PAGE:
Reading 2 Samuel

2 Samuel

As we begin reading 2 Samuel we leave Saul behind and turn our attention to David as King. The life of David can be divided into three acts.  The first is his life with Saul. Saul reigned for 40 years and David was part of the king's men for the last part of that.

Now we begin our reading with David as King. He consolidates his kingdom. He continues his exploits and victories as he walks with God.  This period is often referred to by writers as "David's reign in triumph" and covers chapters 1 - 12. Then, he commits adultery with Bathsheba, the wife of Uriah (chapters 11-12). The child from this illegal union dies (probably a blessing in the eternal scheme of things). David suffers his own personal struggles. He pleads for forgiveness (Psalm 51, 32, 6). He knows that God 'abandoned' Saul for not walking in faith. He prays that God will not also take the Spirit from him as He did with Saul (Psalm 51:11).

This brings the latter part of David's life. It has often been called his 'reign of tragedy" and covers chapter 13 thru the early chapters of 1 Kings. Sin has consequences. David's life is different in the latter days than at the first. His victories and confidence are eroded. His family becomes a mess of intrigue and bickering.  Absalom rebels and then dies. David remains faithful to God through these dark days. As David draws near to his time of death we end the books of Samuel.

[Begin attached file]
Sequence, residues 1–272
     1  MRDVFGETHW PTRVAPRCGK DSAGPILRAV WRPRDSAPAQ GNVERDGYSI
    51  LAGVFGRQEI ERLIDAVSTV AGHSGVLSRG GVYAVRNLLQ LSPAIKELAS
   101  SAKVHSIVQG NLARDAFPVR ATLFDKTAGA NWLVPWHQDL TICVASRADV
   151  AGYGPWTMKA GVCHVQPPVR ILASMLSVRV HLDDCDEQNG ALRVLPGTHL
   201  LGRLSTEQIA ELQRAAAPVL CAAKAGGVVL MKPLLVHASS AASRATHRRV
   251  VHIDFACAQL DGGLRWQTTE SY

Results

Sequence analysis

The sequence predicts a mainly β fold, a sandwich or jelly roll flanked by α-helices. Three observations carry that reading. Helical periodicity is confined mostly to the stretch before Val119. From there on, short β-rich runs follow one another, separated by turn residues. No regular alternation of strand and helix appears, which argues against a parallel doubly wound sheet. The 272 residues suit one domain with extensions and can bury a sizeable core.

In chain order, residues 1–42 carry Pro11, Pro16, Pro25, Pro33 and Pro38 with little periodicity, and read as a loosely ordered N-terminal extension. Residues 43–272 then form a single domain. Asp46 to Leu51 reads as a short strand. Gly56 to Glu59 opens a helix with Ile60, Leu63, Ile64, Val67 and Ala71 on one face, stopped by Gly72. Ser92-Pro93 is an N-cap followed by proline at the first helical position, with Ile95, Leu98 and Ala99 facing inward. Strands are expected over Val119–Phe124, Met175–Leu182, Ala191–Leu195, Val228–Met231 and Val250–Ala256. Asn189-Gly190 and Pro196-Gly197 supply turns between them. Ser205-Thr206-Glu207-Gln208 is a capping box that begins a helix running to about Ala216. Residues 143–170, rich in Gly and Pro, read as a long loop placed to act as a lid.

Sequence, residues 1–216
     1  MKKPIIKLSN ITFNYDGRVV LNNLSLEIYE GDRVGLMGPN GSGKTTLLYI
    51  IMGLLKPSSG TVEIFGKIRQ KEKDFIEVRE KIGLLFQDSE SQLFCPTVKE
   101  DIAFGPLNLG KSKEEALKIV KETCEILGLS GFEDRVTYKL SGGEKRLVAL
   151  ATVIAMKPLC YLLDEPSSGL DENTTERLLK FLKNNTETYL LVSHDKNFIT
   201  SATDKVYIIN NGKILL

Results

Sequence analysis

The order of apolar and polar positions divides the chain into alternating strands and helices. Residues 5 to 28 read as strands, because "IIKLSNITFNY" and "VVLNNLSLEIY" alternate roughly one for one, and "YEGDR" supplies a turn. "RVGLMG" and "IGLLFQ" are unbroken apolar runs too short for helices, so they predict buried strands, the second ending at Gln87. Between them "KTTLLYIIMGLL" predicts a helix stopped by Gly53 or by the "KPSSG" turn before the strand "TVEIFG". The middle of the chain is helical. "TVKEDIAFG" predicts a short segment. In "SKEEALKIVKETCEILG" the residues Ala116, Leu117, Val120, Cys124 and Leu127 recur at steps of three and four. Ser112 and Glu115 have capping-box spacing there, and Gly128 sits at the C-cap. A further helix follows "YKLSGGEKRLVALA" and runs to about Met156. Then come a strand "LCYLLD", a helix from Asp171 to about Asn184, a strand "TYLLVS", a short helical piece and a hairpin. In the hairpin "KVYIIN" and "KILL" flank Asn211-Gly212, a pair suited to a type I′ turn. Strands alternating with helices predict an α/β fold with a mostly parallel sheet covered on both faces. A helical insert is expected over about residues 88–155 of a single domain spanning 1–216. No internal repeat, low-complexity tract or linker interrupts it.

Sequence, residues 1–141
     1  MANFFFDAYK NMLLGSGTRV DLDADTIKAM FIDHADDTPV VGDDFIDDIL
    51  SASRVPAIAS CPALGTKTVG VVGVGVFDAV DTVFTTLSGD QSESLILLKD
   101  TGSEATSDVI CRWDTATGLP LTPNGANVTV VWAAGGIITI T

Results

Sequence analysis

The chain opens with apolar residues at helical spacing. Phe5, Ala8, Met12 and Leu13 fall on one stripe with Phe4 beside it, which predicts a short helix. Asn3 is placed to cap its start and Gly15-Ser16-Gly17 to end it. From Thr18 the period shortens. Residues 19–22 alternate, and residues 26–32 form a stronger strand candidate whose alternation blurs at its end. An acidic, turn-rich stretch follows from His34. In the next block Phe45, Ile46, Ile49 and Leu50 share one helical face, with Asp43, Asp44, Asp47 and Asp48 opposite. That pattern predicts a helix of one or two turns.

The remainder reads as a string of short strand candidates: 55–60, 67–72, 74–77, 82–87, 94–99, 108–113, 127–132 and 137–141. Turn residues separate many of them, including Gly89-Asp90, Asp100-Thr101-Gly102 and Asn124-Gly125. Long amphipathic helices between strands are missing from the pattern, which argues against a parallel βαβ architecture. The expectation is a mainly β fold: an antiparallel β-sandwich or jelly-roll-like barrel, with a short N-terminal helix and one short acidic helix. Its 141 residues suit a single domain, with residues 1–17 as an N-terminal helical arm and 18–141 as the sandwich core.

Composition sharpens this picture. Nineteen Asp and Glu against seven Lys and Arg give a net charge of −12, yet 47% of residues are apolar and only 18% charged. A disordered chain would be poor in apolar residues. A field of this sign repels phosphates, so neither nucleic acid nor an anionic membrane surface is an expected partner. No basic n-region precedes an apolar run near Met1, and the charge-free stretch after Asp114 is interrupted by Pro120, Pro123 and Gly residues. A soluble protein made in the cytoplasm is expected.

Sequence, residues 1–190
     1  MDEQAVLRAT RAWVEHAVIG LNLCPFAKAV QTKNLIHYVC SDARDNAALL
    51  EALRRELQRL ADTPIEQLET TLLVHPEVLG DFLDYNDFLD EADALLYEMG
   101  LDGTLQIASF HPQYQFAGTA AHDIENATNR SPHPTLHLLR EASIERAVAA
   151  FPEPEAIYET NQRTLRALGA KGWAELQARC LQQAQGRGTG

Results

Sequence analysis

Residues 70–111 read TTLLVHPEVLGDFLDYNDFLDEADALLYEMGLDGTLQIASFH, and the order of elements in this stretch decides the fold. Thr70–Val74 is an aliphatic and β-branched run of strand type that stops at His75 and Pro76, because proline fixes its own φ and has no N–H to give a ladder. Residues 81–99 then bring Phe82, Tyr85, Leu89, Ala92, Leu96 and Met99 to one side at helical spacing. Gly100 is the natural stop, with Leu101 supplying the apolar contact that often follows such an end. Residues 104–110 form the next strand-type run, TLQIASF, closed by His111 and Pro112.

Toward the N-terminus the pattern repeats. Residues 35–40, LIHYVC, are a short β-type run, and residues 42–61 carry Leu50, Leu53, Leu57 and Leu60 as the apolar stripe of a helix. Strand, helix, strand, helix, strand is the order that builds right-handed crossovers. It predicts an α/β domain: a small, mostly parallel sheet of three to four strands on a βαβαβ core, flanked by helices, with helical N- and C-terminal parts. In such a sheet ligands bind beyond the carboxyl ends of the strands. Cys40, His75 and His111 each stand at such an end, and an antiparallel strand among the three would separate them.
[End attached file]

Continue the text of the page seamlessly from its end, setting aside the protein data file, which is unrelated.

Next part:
Even kings sin. Such was NOT a lifestyle with David. Such was not irreparable. Such sin required of David a broken and contrite heart and much prayer. The problem with so many people, like it was with Saul, is not that they sin but that they have no godly sorrow about such sin. When David is told by Nathan the prophet: "Thou are the man", he does not deny it or make excuses. He doesn't attack the messenger. He repents.

No wonder he wrote: "How joyful are those whose lawless acts are forgiven and whose sins are covered! 8 How joyful is the man the Lord will never charge with sin!" (Psa. 32:1-1; cp. Romans 4:7-8). Are we walking with God and rejoicing in His mercy and grace in Jesus?

Some side notes for your reading. Those reading along with our Daily Bible schedule will note that 1 Chronicles is interspersed throughout the reading from 2 Samuel as they actually overlap in the historical information. Also, the last four chapters of 2 Samuel are like an appendix to the story of David. In these chapters we see a theological interpretation of David's career as King. The contents of these last chapters are not in chronological order.